19 October 2010 The Chairperson of the United Nations independent committee of experts against torture today urged States to recommit themselves to the values of the global treaty that prohibits the practice, which, he stressed, cannot be justified under any circumstances and has to be eradicated.
“The Convention embodies very important values of humanity. Confessions extracted by torture cannot be used in judicial proceedings,” Claudio Grossman, who chairs the Committee Against Torture, told reporters at UN Headquarters after presenting its annual report to the General Assembly.
The UN Convention against Torture and other Cruel, Inhuman or Degrading Treatment or Punishment was adopted by the General Assembly in 1984 and has been ratified by 147 States to date.
“Still today, 26 years after the adoption by UN Member States of the Convention Against Torture, we have not yet achieved our shared objective to eradicate torture and inhuman treatment,” said Mr. Grossman.
“The absolute prohibition of torture – a non-derogable obligation under the Convention which means that under no exceptional circumstances whatsoever can torture be justified – is not yet a reality in many States who have ratified the Convention,” he adds.
He called upon all UN Member States to say “no to torture; no to torture during emergency situations; no to torture by any means.”
The Convention provides that “no exceptional circumstances whatsoever, whether a state of war or a threat of war, internal political instability or any other public emergency, may be invoked as a justification of torture.”
It also obliges States that have ratified the Convention to refrain from deporting or returning people to countries where they would face the risk of torture, and requires ratifying States to extradite or prosecute perpetrators of torture.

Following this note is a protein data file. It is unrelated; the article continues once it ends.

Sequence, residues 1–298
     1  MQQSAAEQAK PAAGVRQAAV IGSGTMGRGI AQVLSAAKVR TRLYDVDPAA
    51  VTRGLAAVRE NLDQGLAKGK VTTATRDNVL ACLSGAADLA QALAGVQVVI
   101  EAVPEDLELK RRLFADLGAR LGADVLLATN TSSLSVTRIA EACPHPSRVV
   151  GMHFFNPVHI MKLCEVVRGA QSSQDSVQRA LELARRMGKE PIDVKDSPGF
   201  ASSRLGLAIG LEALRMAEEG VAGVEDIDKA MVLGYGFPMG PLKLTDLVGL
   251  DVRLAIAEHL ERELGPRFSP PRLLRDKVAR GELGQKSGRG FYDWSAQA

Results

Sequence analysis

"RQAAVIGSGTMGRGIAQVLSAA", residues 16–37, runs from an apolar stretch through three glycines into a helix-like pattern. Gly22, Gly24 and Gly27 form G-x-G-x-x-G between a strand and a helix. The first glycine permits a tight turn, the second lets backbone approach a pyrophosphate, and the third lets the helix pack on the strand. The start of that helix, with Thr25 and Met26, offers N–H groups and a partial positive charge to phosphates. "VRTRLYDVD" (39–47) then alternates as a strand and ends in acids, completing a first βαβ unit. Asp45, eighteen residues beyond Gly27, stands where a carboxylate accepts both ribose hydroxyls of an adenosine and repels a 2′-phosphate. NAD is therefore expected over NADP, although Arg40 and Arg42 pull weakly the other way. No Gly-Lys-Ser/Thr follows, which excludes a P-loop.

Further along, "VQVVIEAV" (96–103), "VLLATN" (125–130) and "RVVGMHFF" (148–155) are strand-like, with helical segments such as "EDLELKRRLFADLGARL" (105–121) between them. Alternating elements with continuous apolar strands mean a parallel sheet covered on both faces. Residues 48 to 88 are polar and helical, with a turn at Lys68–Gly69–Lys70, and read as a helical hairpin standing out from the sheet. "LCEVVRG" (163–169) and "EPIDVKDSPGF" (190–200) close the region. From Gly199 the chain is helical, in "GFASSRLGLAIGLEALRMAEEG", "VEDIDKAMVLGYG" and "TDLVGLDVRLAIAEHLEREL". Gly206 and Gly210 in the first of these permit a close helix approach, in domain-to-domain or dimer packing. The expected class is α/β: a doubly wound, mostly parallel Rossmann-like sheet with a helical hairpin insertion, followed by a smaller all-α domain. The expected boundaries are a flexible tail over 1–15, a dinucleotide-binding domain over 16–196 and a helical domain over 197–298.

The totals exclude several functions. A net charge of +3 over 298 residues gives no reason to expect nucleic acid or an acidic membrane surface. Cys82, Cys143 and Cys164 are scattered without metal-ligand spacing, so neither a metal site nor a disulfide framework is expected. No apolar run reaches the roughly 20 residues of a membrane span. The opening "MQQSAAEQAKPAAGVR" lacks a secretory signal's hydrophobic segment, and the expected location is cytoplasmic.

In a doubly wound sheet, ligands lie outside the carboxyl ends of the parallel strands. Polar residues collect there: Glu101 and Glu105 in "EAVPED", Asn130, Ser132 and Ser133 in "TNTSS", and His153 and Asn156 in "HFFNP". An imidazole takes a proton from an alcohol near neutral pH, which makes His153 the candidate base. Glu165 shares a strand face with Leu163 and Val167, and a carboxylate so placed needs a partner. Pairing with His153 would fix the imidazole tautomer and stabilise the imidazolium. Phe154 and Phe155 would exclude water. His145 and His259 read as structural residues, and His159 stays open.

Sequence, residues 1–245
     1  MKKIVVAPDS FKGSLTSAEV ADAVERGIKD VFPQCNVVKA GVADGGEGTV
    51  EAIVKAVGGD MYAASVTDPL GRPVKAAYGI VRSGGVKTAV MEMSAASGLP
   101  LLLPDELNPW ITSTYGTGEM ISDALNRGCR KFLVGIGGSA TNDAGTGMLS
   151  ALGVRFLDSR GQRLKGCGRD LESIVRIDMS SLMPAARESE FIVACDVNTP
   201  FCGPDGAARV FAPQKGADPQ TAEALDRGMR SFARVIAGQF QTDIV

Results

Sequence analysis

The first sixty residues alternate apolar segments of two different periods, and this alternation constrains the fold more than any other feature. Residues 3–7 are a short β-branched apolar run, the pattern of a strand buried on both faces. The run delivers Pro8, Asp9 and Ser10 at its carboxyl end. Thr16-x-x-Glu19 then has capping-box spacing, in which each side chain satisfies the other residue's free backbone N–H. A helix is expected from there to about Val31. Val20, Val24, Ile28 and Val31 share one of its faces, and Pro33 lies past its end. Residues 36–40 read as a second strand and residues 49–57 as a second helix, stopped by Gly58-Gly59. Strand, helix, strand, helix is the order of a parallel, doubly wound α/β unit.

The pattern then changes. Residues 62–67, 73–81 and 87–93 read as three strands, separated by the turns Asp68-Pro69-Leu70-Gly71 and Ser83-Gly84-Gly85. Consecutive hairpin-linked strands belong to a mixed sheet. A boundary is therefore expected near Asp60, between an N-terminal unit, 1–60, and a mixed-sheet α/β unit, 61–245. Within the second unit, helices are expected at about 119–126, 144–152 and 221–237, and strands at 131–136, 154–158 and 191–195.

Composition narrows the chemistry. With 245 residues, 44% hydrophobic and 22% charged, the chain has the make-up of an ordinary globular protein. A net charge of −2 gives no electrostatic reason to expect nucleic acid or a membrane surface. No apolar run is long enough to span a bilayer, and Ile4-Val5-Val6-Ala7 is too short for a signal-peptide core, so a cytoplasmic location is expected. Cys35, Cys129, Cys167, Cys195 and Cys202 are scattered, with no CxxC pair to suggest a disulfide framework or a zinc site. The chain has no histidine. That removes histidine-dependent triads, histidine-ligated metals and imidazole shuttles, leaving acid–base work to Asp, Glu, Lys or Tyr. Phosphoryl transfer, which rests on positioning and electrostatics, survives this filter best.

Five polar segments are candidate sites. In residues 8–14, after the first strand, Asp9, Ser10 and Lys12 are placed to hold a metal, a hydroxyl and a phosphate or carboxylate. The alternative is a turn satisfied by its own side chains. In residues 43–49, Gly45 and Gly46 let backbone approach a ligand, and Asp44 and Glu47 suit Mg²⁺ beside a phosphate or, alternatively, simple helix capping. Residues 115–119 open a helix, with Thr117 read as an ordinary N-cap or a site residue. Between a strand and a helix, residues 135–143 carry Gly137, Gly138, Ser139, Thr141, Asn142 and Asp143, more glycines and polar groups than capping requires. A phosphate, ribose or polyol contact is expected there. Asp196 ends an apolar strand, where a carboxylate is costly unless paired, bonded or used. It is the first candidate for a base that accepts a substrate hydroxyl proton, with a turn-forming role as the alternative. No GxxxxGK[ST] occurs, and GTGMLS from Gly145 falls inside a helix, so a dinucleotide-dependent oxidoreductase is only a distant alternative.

Under the Convention, victims of the scourge have the right to redress, including compensation.
In its recommendations to States parties, the 10-member Committee has repeatedly denounced the vulnerability of women in situations of armed conflict.
He expressed concern at the failure of States to comply with their reporting obligations under the Convention.
“Initial reports are the essential springboard for ongoing dialogue with States parties, and I call upon the 32 States which have not yet submitted their initial reports to do so in order for the committee to contribute to the realization of the convention,” Mr. Grossman said.
He also reiterated the Committee’s regret that only 64 out of the 147 State parties to the Convention have accepted its competence to examine individual complaints alleging violations of the Convention.
“The individual complaints procedure is an important tool for achieving the goals of the Convention by enabling victims of torture to present their cases before the international community. It also allows the Committee to apply the Convention to real-life situations,” Mr. Grossman stressed.
This year, the Committee determined that deporting people to countries where they run the risk of sexual violence amounts to a breach of the prohibition of deportation or return to countries where they would face the risk of torture.
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